Blumenthal, McMahon on the attack in second debate

NORWALK — Richard Blumenthal and Linda McMahon attacked each other today over Blumenthal’s tax votes and lawsuits and McMahon’s lobbying Congress against broadcast rules to protect children from sex and violence.

In a debate before a business audience, the two U.S. Senate candidates engaged more directly than during their only previous forum, often ignoring the questions posed by a panel of three Fairfield County journalists.

McMahon did not answer a question about whether she would weaken the Americans with Disabilities Act or the Family and Medical Leave Act as sought by a business group that endorsed her last week, the National Federation of Independent Business.

Blumenthal did not directly respond to a pointed question about allegations he has overreached as attorney general in pursing civil cases against small businesses targeted by his office.

Senate Debate 2

Last-minute instructions for Blumenthal and McMahon.


Each candidate was more aggressive in their second debate in trying to undermining the other’s credibility and their nationally watched campaigns to succeed the retiring five-term Democrat, Christopher J. Dodd.

McMahon, a Republican, portrayed Blumenthal’s 26-year record as a state legislator and attorney general as indifferent to business interests, while Blumenthal, a Democrat, characterized McMahon’s leadership of World Wrestling Entertainment as counter to the interests of her wrestlers and public.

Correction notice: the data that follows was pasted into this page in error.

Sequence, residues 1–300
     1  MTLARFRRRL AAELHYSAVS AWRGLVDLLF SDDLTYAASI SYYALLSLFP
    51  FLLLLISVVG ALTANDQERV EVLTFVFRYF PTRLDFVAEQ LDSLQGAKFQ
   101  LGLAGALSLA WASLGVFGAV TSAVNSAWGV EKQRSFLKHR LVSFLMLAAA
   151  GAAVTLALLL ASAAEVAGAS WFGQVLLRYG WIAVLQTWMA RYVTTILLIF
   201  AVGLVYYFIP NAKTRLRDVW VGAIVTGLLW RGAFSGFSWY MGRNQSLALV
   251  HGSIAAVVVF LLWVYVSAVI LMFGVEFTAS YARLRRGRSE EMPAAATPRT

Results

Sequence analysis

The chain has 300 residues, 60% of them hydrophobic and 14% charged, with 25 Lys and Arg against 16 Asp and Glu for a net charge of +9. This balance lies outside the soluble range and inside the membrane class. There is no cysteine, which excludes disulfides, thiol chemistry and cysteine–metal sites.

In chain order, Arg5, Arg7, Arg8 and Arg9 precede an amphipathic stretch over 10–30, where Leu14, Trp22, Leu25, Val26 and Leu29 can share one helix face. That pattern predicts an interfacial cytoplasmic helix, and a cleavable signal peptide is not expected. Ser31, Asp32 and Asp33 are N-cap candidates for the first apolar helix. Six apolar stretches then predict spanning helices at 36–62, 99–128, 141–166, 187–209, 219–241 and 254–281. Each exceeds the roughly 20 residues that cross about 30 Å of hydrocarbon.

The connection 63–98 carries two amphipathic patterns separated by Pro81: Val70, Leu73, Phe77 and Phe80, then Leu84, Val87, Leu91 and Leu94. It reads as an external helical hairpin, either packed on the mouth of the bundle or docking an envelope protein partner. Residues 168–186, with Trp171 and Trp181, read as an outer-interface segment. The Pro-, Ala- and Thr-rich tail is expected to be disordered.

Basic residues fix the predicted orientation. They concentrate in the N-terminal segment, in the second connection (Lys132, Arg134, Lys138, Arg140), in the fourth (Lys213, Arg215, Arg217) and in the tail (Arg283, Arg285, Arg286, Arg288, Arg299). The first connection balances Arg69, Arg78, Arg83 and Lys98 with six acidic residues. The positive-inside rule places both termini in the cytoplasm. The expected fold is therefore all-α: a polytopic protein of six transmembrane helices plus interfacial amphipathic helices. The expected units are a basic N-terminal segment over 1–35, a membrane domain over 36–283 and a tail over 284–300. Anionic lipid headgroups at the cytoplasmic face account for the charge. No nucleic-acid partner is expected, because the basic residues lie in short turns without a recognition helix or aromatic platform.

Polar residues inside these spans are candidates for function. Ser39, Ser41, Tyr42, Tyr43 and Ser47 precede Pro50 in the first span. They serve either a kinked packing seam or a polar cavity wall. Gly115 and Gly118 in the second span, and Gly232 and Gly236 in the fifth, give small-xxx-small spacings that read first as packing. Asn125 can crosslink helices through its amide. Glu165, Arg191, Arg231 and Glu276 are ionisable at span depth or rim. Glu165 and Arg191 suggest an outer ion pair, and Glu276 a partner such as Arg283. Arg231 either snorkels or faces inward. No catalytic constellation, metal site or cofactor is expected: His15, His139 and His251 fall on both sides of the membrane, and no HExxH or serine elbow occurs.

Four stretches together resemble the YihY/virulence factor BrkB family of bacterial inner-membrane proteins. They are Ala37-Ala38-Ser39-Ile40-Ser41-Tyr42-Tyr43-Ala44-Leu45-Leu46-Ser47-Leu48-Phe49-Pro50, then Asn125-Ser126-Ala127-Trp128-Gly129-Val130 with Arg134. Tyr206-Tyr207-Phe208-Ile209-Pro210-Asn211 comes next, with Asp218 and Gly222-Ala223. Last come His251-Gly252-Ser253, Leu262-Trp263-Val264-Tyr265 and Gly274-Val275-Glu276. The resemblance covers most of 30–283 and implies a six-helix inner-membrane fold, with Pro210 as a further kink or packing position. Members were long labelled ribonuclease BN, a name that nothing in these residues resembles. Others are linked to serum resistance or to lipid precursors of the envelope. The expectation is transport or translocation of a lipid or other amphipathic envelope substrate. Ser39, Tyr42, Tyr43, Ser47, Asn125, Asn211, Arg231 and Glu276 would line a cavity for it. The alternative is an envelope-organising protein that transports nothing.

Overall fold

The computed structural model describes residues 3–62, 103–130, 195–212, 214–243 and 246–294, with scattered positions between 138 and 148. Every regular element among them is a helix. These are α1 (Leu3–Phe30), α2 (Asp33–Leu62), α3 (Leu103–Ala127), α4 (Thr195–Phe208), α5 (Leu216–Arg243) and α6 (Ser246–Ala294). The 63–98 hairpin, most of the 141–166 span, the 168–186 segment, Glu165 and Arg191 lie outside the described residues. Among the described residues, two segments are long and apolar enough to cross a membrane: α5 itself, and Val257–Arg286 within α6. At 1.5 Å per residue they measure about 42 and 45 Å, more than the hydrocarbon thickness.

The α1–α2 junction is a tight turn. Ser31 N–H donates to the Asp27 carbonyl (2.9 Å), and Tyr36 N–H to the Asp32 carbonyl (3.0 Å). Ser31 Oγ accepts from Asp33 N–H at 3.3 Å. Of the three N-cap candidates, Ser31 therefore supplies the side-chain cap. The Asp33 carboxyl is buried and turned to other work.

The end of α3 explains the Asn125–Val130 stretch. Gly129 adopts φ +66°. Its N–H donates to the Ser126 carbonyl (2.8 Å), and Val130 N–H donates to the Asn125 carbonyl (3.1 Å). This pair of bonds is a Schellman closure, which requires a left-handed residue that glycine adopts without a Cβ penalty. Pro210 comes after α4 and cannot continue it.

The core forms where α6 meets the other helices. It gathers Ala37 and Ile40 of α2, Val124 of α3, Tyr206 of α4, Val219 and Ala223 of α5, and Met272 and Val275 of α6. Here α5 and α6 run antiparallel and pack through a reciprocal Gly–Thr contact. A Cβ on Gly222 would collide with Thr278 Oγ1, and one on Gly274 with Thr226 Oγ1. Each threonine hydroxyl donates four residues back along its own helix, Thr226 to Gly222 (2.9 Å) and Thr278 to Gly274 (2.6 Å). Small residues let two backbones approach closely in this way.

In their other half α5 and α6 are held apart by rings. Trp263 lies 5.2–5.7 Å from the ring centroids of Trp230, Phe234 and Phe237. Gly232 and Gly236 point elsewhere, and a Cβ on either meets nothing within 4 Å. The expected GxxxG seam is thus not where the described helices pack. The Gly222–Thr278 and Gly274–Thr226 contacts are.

“She claims to be different. There is nothing different about hiring lobbyists to strong-arm Washington,” Blumenthal said.

His campaign has pointed to public records in recent weeks that show the WWE relied on lobbyists to oppose a law that would give the Federal Trade Commission powers to fine companies that market adult content to children. It also used a Washington marketing firm, APCO Worldwide, to devise a voter-registration campaign, “Smackdown Your Vote,” to counter the WWE’s poor image.

McMahon characterized the WWE’s lobbying against the adult-content law as a matter of “free speech.”

After being on the defensive for much of the first debate, McMahon seemed more comfortable and better-prepared today. She used humor to needle Blumenthal as a career politician with a history of misstatements.